I recall when I was writing my book
Living Water to Light the Journey. I wanted to feature some
Australian heroines and heroes, to help parents provide their kids with role
models to emulate.
I decided to write about
Caroline Chisholm, an Australian pioneer
who worked so hard to help women migrants in the 19th century, and is truly
a great heroine. (One biographer describer her as “one of the world’s great
social reformers – a heroine on the grand scale”.)
I looked for a copy of her 1842 book on
immigration problems. It was the first ever publication by a woman in
Australia, and it seemed the only copy available in Melbourne was on
microfilm at the La Trobe University library.
I consulted it there, and was amazed to
find that it was not simply a powerful plea for greater protection for women
migrants to Australia, but that it was also a deeply spiritual document.
Like some of the mediaeval female Christian mystics, Chisholm was writing in
graphic detail of her relationship with God and of her efforts to know and
follow God’s will.
She had no doubts that her work on behalf
of young women migrants was divinely inspired. As she wrote: “I was
impressed with the idea that God had, in a peculiar manner, fitted me for
And she saw in this work a chance to
enter into a deep spiritual relationship with her Lord:
During the season of
Lent of that year I suffered much; but on the Easter Sunday I was enabled at
the altar of our Lord to make an offering of my talents to the God who gave
them. I promised to know neither country or creed, but to try and serve all
justly and impartially. I asked only to be enabled to keep these poor girls
from being tempted, by their need, to mortal sin; and resolved that to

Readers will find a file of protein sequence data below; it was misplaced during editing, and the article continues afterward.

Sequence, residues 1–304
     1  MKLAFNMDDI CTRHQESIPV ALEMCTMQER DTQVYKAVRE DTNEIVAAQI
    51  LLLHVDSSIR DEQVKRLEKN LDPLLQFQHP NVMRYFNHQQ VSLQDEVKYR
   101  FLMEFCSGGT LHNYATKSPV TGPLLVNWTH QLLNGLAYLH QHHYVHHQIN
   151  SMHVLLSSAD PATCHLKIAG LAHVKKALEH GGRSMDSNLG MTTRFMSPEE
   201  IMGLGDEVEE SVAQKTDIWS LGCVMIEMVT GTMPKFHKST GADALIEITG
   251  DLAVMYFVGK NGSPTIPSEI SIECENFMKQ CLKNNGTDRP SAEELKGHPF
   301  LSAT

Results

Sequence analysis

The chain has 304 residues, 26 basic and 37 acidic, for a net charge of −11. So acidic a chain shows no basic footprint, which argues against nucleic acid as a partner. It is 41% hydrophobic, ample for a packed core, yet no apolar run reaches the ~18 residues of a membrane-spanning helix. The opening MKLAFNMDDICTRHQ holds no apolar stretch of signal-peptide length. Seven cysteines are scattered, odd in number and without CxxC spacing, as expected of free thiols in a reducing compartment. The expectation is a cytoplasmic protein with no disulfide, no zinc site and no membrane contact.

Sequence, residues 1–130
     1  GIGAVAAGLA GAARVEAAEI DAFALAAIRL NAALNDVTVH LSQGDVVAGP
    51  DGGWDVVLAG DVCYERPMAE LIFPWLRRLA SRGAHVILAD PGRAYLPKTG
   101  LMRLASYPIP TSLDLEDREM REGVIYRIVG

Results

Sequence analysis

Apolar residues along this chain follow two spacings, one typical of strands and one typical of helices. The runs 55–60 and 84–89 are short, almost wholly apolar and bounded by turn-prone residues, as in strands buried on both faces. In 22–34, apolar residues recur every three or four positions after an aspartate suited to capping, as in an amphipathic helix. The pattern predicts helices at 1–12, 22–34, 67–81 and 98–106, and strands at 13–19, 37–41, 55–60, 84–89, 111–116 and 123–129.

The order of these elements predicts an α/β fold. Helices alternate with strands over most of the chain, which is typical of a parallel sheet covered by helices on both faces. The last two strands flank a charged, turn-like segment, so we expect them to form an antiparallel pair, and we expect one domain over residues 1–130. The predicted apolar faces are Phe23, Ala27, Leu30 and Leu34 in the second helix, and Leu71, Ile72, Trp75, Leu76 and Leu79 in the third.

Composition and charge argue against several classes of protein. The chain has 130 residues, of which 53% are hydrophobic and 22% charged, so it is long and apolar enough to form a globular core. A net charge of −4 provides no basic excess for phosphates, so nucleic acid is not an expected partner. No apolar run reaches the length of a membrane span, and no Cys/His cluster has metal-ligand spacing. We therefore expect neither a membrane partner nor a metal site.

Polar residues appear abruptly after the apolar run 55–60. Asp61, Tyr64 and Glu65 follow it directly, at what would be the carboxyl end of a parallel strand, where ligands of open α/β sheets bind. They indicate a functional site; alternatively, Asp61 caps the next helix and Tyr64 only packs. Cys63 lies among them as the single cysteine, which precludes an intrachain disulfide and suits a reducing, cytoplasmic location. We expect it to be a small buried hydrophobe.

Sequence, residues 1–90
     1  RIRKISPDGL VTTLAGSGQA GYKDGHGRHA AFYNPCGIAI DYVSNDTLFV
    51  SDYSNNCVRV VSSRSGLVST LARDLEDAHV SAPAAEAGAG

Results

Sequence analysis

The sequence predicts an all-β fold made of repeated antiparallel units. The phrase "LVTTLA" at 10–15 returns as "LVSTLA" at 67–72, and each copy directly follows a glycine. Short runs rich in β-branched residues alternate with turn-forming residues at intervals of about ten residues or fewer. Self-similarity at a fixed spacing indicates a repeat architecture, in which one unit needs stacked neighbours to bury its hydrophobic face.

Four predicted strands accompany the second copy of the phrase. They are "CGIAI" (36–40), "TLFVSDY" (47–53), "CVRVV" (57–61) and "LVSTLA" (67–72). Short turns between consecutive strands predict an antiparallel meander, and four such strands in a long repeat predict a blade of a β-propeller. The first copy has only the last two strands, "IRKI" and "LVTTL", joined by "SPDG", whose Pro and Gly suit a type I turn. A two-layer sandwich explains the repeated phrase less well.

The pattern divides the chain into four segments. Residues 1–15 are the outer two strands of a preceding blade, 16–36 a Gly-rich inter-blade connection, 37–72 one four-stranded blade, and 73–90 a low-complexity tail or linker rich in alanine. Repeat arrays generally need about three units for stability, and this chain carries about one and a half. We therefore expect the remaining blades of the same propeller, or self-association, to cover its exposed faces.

accomplish this I would in every way sacrifice my feelings - surrender all
comfort - nor, in fact, consider my own wishes or feelings, but wholly
devote myself to the work I had in hand. I felt my offering was accepted,
and that God’s blessing was on my work: but it was his will to permit many
serious difficulties to be thrown in my way, and to conduct me through a
rugged path of deep humiliation.
One such humiliation came when a person
she regarded as a friend wrote a letter to a newspaper, opposing her work.
It was, she said:
a missile of great
strength - I felt it keenly; no other person in the colony could have thrown
more serious difficulties in my path: these things are permitted to try our
faith and exercise our patience. I felt a dreariness of spirit creep over
me, and, confirmed in my opinion, that to leave Sydney for a few days would
be prudent; but it was the will of God to prevent this…
Caroline Chisholm’s achievements are well
recognised in Australia, thanks especially to a steady rise recently in
research into the role of women in our pioneering days. And historians do
generally point to her religious convictions when writing about her.
But they seldom describe the profound
depth of her spirituality, even though it was central to her activities. It
is a shameful neglect that speaks to the kind of society we have become -
one that somehow feels embarrassed by its spiritual side and wishes to
conceal it, like Uncle Joe’s alcoholism or Cousin Joan’s mental troubles.
Is it any wonder that we are giving
ourselves - and especially our young – so little to believe in?
August 30th, 2002